New Delhi is one of the most polluted capital cities in the world. Smog levels of PM2.5 - the pollition particles most harmful to health - rose to levels of 703 on November 7, which was more than the double the 300 mark deemed "hazardous", forcing authorities to temporarily shut city schools.

Since then PM2.5, which has been linked to lung and heart diseases and is so tiny that it evades the body's natural defences and enters the bloodstream, has regularly remained above 500. Pollution trackers suggest the fog has reached the worst level so far this year, and is so high that breathing in air has been compared with being worse than smoking 50 cigarettes a day.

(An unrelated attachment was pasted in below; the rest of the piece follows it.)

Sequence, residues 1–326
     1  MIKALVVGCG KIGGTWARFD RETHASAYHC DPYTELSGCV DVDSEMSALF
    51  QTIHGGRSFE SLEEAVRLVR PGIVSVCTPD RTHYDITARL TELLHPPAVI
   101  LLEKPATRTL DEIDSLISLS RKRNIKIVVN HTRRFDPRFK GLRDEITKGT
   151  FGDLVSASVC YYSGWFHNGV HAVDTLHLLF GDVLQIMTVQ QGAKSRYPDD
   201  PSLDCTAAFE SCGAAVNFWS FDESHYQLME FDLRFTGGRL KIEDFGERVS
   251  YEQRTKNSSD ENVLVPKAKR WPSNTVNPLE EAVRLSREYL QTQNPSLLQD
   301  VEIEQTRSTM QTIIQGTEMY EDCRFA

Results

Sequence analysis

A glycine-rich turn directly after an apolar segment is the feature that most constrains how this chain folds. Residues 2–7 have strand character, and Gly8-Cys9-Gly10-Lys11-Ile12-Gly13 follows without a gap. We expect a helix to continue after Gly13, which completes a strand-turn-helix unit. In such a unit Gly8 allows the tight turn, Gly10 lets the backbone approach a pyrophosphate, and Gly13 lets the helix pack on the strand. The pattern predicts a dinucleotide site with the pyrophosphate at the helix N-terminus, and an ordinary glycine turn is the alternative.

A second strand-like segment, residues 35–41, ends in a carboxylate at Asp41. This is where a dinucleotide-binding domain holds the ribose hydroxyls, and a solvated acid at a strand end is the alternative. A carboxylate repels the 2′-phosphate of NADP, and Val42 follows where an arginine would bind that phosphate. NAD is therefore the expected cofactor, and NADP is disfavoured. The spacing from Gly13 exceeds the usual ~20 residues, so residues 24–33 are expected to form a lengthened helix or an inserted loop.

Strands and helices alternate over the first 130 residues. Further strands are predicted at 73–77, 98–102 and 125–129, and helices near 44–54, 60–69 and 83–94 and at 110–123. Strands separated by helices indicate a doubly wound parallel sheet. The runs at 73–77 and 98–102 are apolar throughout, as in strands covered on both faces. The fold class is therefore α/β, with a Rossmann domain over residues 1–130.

Doctors have recommended that people with chest conditions simply leave. Of course, that's not an option for many and the poor are disproportionately affected by the smog that hangs over the city.

So how can this be solved? And is the government doing enough? On Wednesday, experts join us to discuss. 

On this episode of The Stream, we speak with:

Anumita Roychowdhury @AnumitaRoychowd
Executive Director, Research and Advocacy, Centre for Science and Environment

Shivam Vij @DilliDurAst

Sunil Dahiya @Sunil_S_Dahiya 
Campaigner, Greenpeace India

Jyoti Pande Lavakare @careforairindia
Co-Founder, Care for Air

Read more:

Schools close as smog chokes India's 'gas chamber' capital - Al Jazeera
The deadly smog over New Delhi is a perfect example of everything that's wrong with India - Quartz

What do you think? Leave your thoughts in the comments below.